Category Archives: Summary Judgment

Single act may create hostile work environment, according to Seventh Circuit in Berry v. Chicago Transit Authority

A few days ago, I post­ed my arti­cle on PAR Elec­tri­cal Con­trac­tors, Inc. v. Bev­elle , in which the West Vir­ginia Supreme Court ruled that a sin­gle episode involv­ing mul­ti­ple uses of the N-word could cre­ate a racial­ly hos­tile work envi­ron­ment.

The US Court of Appeals for the Sev­enth Cir­cuit just released an opin­ion in Berry v. Chica­go Tran­sit Author­i­ty, – F.3d –, – WL — (7th Cir. August 23, 2010), which rais­es the sim­i­lar issue: Can a sin­gle instance of sex­u­al harass­ment cre­ate a hos­tile work envi­ron­ment? And the answer was yes, depend­ing on the cir­cum­stances.

Ms. Berry is Sex­u­al­ly Harassed in a Sin­gle Inci­dent

Cyn­thia Berry was an employ­ee at the Chica­go Tran­sit Author­i­ty. She was on her break and sat at a pic­nic style table with three male co-work­ers. A fourth male co-work­er, Philip Carmichael, had fol­lowed her to the pic­nic area and ordered Ms. Berry to get up from the table. Offend­ed by Mr. Carmichael’s “com­mand­ing tone”, Ms. Berry remained seat­ed. Mr. Carmichael then sat down and “strad­dled the bench” so he was fac­ing one of the male co-work­ers at the pic­nic table, and so that Mr. Carmichael’s back was close to Ms. Berry. The oth­er three male co-work­ers got up from where they were seat­ed at the pic­nic table and moved to the oth­er end of the table. Then:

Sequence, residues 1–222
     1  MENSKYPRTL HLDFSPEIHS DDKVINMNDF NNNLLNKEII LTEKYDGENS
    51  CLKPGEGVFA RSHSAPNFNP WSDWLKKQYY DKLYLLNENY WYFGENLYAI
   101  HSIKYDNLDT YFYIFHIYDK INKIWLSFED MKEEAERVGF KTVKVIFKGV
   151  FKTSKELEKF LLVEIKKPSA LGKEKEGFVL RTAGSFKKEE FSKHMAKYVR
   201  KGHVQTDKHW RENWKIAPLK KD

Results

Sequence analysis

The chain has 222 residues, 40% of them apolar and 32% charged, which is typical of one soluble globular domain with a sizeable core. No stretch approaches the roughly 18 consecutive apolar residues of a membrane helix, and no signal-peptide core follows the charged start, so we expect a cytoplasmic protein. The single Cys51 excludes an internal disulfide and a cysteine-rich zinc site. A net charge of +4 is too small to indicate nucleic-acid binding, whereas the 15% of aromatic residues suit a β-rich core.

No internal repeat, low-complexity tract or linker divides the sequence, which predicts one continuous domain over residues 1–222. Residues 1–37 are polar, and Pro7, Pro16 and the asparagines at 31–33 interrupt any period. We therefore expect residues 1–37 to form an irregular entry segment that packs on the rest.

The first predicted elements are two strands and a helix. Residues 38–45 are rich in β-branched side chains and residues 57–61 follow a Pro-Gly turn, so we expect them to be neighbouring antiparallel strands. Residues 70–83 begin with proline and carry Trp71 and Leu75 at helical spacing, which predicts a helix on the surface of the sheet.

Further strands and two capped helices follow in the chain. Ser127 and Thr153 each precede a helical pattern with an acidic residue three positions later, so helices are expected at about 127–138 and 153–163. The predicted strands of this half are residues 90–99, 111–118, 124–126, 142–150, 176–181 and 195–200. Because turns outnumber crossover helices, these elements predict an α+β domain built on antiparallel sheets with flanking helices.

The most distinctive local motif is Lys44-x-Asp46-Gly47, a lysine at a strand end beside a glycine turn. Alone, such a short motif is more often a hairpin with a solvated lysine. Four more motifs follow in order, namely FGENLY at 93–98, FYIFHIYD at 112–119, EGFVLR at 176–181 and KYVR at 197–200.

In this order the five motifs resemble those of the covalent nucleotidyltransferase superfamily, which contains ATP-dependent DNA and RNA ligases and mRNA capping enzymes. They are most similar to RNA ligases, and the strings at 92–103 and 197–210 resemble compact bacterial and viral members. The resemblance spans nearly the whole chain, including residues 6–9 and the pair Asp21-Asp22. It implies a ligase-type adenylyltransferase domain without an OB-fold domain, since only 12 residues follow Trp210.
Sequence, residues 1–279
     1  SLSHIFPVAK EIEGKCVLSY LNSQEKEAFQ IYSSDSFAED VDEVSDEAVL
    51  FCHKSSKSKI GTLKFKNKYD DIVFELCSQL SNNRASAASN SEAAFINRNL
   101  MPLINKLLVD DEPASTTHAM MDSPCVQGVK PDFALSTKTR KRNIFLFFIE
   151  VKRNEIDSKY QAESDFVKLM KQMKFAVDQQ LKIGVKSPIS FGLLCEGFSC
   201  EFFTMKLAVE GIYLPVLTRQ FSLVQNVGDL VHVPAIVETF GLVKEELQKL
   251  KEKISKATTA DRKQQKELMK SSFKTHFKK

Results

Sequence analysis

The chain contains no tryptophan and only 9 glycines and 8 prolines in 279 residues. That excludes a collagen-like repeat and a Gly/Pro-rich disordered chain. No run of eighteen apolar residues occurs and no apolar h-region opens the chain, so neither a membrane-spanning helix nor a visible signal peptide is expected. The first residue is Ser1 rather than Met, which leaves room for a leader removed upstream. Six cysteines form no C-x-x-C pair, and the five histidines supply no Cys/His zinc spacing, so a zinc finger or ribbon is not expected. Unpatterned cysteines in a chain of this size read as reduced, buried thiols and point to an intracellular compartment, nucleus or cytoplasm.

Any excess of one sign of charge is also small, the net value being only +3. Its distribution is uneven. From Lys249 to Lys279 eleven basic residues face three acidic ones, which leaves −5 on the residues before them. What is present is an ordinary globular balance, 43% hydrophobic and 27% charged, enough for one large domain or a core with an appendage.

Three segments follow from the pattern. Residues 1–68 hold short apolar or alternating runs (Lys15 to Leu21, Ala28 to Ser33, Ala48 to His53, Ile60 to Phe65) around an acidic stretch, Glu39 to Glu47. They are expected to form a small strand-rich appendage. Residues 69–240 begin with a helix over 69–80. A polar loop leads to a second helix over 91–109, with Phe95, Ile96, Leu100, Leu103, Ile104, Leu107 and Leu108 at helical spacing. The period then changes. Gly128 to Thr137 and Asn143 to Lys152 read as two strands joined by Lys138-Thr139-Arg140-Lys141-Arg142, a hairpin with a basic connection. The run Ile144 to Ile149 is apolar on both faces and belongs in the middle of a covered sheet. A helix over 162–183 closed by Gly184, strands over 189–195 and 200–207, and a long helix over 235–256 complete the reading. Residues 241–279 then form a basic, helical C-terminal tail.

Berry says Carmichael remained where he was seat­ed and began rub­bing his back against her shoul­der. She jumped up, told him not to rub him­self against her, and sat down next to Hardy at the oth­er end of the table. At this point,
Berry says, Mar­shall began telling her to get up from the table again. Not want­i­ng Mar­shall to think he could order her around, she remained seat­ed, but began rub­bing her tem­ples to com­pose her­self. Accord­ing to Berry, she next felt Carmichael grab­bing her breasts and lift­ing her up from the bench. Hold­ing her in the air, he rubbed her but­tocks against the front of his body—from his chest to his penis—three times before bring­ing her to the ground with force. Berry land­ed off-bal­ance, with only one leg on the ground, and says Carmichael then pushed her into a fence. Upset and want­i­ng to avoid any men, she lay down in a bus for the rest of her shift.

 

Con­tin­ue read­ing Sin­gle act may cre­ate hos­tile work envi­ron­ment, accord­ing to Sev­enth Cir­cuit in Berry v. Chica­go Tran­sit Author­i­ty

Fourth Circuit rules that pension contribution rules may be age biased

The Fourth Cir­cuit Court of Appeals, in an unpub­lished opin­ion, addressed whether an employer’s pen­sion con­tri­bu­tion rules may con­sti­tute age dis­crim­i­na­tion under the Age Dis­crim­i­na­tion in Employ­ment Act of 1967, in Equal Employ­ment Oppor­tu­ni­ty Com­mis­sion v. Bal­ti­more Coun­ty, –F.3d. — (4th Cir. 2010). The unan­i­mous opin­ion was writ­ten by Judge Den­nis Shed, and was joined by Judge Roger Gre­go­ry and Arther L. Alar­con (Senior Judge on Ninth Cir­cuit, sit­ting by des­ig­na­tion).

Can you be sexually harassed behind your back?

It might be obvi­ous, but it seems a bit dif­fi­cult to win on a claim for sex­u­al harass­ment where all of the harass­ment occurs behind your back (and by “behind your back”, I mean sit­u­a­tions where the harass­ing behav­ior occurs when the com­plain­ing employ­ee is not phys­i­cal­ly present to expe­ri­ence or hear what is hap­pen­ing).